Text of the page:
The bus strike enters its 12th day on Thursday, with a partial return to work in Friesland, Groningen and Drenthe after a court ruling.
The unions are due to discuss whether to drop the rush hour stoppage with members later that day. ‘Drivers want to go on until they get a good pay deal,’ said FNV spokesman Janny Koppens. ‘They think the employers have made savings at their expense for too long.’
On Tuesday judges in Groningen ordered drivers in the north back to work during the rush hour because the strike is ‘socially disruptive’. After the verdict, Rover said it hoped the unions would now advise drivers not to strike during the rush-hour nationwide.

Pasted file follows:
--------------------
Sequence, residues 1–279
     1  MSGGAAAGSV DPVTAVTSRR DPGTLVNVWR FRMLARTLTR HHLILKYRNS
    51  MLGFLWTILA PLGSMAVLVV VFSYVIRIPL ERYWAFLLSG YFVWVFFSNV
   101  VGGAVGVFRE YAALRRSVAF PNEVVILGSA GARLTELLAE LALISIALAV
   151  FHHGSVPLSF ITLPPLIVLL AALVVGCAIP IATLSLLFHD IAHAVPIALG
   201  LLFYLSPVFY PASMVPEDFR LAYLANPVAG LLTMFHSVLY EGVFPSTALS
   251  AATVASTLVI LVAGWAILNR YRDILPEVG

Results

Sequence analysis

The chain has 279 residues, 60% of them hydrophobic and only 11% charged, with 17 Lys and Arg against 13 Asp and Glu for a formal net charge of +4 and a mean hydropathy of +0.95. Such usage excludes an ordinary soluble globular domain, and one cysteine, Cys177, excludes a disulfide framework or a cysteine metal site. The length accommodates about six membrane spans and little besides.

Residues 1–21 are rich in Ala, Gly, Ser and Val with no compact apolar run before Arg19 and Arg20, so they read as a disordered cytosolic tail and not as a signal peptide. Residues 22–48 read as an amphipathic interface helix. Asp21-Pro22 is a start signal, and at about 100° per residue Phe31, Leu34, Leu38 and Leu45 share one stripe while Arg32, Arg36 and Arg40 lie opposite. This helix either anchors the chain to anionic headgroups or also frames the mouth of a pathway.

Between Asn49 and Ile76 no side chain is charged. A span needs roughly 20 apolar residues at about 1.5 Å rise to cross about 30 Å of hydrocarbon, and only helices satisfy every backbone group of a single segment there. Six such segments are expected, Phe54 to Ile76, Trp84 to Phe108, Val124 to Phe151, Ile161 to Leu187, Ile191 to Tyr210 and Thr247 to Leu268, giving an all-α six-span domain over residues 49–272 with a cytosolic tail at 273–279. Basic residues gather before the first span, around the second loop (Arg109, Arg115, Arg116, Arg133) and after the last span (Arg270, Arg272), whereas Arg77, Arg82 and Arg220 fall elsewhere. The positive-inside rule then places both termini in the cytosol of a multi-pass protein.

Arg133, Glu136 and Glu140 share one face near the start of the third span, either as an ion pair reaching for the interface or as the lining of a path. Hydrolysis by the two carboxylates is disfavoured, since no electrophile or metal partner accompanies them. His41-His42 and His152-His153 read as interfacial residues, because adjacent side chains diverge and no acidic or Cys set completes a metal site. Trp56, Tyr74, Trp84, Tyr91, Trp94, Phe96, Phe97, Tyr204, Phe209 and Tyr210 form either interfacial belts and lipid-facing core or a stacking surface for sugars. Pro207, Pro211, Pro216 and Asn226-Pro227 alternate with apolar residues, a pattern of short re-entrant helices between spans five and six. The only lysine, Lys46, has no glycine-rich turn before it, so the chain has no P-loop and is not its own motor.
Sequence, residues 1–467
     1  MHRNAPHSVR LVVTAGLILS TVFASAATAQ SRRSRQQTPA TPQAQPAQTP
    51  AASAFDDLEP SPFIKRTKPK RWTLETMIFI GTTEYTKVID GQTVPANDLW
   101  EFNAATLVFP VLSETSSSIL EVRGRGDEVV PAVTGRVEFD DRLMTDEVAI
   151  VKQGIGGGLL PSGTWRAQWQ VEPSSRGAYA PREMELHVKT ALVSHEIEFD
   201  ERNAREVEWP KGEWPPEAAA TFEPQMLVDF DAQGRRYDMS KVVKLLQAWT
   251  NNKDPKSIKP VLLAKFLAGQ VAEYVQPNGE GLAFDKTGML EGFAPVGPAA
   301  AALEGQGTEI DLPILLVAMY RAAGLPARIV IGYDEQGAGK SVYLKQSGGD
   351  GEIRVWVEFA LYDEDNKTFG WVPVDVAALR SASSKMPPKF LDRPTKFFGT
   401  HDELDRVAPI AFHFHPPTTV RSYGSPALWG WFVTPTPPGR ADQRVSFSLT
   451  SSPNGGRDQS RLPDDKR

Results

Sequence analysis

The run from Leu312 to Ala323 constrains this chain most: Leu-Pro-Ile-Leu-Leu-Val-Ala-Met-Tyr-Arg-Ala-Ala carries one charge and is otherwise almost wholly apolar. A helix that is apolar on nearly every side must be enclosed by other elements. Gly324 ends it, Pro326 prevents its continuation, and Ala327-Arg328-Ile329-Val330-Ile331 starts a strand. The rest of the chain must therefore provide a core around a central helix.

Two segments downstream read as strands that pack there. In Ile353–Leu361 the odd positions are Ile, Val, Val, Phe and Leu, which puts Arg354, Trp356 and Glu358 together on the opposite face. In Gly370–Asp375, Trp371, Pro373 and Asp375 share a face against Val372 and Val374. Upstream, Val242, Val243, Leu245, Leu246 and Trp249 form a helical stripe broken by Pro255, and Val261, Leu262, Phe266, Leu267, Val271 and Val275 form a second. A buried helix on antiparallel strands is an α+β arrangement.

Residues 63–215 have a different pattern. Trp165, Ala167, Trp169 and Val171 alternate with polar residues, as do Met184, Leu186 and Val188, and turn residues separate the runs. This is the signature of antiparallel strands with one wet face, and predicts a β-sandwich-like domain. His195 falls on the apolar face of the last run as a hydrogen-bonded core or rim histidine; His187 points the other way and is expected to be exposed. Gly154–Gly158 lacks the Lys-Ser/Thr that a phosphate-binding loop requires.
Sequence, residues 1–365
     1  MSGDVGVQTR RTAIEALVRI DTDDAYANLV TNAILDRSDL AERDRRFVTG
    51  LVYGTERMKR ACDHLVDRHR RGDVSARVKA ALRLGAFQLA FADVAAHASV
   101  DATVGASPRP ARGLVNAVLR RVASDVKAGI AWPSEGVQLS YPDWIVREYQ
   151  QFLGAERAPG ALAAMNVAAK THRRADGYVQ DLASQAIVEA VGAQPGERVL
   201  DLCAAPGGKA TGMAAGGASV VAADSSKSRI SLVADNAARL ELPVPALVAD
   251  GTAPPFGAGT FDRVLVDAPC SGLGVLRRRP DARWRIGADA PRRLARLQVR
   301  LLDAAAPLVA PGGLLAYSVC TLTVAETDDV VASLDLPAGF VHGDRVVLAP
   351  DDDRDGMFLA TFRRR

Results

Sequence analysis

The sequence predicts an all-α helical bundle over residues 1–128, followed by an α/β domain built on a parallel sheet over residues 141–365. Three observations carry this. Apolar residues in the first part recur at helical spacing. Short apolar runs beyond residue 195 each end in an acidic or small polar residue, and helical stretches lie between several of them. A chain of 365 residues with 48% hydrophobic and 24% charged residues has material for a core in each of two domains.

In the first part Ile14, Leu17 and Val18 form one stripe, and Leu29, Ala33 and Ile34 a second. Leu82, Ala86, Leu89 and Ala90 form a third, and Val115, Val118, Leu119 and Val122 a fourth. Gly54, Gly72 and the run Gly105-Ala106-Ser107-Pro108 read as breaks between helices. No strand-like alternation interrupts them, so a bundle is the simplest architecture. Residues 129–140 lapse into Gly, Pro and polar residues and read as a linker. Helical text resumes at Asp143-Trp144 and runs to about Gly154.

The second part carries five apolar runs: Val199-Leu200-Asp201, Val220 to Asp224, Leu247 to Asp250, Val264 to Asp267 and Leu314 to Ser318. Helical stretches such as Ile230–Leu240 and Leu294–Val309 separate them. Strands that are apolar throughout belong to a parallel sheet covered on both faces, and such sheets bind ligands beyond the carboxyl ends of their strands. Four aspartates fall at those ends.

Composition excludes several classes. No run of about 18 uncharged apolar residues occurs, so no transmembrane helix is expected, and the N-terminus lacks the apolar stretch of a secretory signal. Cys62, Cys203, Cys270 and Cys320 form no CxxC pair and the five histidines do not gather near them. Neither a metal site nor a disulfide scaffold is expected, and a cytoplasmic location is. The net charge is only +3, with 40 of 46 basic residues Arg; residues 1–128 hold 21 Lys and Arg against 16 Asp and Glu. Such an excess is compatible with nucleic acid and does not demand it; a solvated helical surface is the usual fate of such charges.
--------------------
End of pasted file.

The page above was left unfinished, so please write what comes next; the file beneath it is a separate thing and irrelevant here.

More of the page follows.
‘Of course we would rather have seen a total ban. But this means that at least commuters and students can get to work and school,’ a spokesman told news agency ANP.
Groningen provincial councillor Henk Bleker, who was behind the move for court action, said it was not about strike breaking. ‘It is about people who cannot get to work, school or hospital,’ he told the Volkskrant.
The court also told unions and employers to resume pay negotiations. If no deal was reached by August 12, an all-out strike would again be permitted, the judges said.
Until then, buses in the three provinces will only travel between 7am and 9am and 4pm and 7pm. If the unions fail to comply with these terms, they face a fine of €10,000 a day.
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